Great question...reading between the lines!
As this seems to be more an answer based upon opinion, I can only tell you what I think.
In Harper Lee's To Kill a Mockingbird, Atticus Finch is a gentleman, of this there is no doubt. He has a strong sense of fair play, believing someone is innocent until proven guilty, and that every person on God's green earth has the right to a fair trial, as best as he is able to provide one for Tom Robinson in Maycomb. Atticus shows concern for Boo Radley and Mrs. Dubose. He has a strong moral compass and cares that the example he sets for his children by the way he lives is one they will learn from, and still be proud enough of him to be able to look him in the eye.
With all this said, Atticus is getting ready to cross-examine a member of the Ewell family. Everyone knows them, and they are neither upstanding citizens of Maycomb, or kind or honest folk, as opposed to, for example, Walter Cunningham. Bob Ewell drinks, he is a bigot, his children often go hungry, they are a disrespectful bunch (remember Burris in Scout's class), and Bob Ewell appears to be physically abusive, and is probably emotionally and psychologically abusive as well.
Atticus is a good lawyer. He is also confronting a witness who, if anything like her father, is not going to be easy to deal with. When he turns to the window, I believe Atticus is probably gathering his thoughts about how best to approach Mayella. I doubt it would occur to him to be anything but a gentleman, but perhaps he is trying to decide at what level to approach this witness who is already terrified of him, and clearly is not as bright (or clever) as her father, as she is upset that Atticus seems to have tricked her father into admitting he is left handed. Even Scout asks Jem: "Has she got good sense?" (Jem isn't sure yet.)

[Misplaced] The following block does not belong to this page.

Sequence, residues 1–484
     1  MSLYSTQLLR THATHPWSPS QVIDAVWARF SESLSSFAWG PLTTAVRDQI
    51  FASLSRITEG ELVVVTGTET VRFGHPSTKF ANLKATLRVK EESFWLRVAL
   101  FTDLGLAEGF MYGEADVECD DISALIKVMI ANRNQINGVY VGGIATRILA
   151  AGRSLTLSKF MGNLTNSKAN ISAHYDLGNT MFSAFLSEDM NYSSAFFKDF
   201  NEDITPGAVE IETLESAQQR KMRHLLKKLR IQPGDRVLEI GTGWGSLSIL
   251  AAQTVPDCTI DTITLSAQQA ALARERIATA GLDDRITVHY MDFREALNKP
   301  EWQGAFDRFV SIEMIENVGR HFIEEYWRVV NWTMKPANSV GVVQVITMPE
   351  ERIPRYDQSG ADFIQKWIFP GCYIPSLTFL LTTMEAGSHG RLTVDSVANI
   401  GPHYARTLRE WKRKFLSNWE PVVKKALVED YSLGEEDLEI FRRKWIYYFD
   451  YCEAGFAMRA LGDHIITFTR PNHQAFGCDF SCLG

(Turning away will also give Atticus time to let the dust settle after the prosecution has finished. And when Mayella becomes upset and antagonistic because Atticus is respectfully addressing her as "Miss Mayella" or "ma'm," Atticus leaves this to the judge and returns to the window again.)
If I were to try to find the meaning behind Atticus' movement to the window, I believe he does so in order to decide how to proceed with Mayella in such a way that it will most help get to the truth for the sake of Tom Robinson—which is a tall order in that courtroom, in that town.